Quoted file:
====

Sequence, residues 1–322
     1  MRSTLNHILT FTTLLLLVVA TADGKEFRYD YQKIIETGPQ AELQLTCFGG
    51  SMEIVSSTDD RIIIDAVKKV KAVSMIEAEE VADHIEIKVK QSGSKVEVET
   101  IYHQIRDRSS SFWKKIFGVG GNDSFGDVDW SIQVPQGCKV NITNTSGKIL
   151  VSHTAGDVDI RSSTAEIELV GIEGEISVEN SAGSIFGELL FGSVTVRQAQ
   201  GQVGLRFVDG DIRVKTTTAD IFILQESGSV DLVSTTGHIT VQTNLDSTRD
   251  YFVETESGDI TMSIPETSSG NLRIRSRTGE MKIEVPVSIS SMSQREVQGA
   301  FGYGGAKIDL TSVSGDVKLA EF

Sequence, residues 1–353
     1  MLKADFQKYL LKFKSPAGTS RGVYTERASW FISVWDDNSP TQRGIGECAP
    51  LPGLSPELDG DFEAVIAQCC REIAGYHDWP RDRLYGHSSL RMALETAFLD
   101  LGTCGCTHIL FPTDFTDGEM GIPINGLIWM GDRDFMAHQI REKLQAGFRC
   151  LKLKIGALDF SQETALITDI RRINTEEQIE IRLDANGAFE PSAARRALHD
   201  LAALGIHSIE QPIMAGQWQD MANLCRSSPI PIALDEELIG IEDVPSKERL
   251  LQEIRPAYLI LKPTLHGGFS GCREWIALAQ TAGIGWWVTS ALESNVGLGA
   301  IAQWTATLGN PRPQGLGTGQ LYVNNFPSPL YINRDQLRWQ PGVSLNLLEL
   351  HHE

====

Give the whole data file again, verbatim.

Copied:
Sequence, residues 1–322
     1  MRSTLNHILT FTTLLLLVVA TADGKEFRYD YQKIIETGPQ AELQLTCFGG
    51  SMEIVSSTDD RIIIDAVKKV KAVSMIEAEE VADHIEIKVK QSGSKVEVET
   101  IYHQIRDRSS SFWKKIFGVG GNDSFGDVDW SIQVPQGCKV NITNTSGKIL
   151  VSHTAGDVDI RSSTAEIELV GIEGEISVEN SAGSIFGELL FGSVTVRQAQ
   201  GQVGLRFVDG DIRVKTTTAD IFILQESGSV DLVSTTGHIT VQTNLDSTRD
   251  YFVETESGDI TMSIPETSSG NLRIRSRTGE MKIEVPVSIS SMSQREVQGA
   301  FGYGGAKIDL TSVSGDVKLA EF

Sequence, residues 1–353
     1  MLKADFQKYL LKFKSPAGTS RGVYTERASW FISVWDDNSP TQRGIGECAP
    51  LPGLSPELDG DFEAVIAQCC REIAGYHDWP RDRLYGHSSL RMALETAFLD
   101  LGTCGCTHIL FPTDFTDGEM GIPINGLIWM GDRDFMAHQI REKLQAGFRC
   151  LKLKIGALDF SQETALITDI RRINTEEQIE IRLDANGAFE PSAARRALHD
   201  LAALGIHSIE QPIMAGQWQD MANLCRSSPI PIALDEELIG IEDVPSKERL
   251  LQEIRPAYLI LKPTLHGGFS GCREWIALAQ TAGIGWWVTS ALESNVGLGA
   301  IAQWTATLGN PRPQGLGTGQ LYVNNFPSPL YINRDQLRWQ PGVSLNLLEL
   351  HHE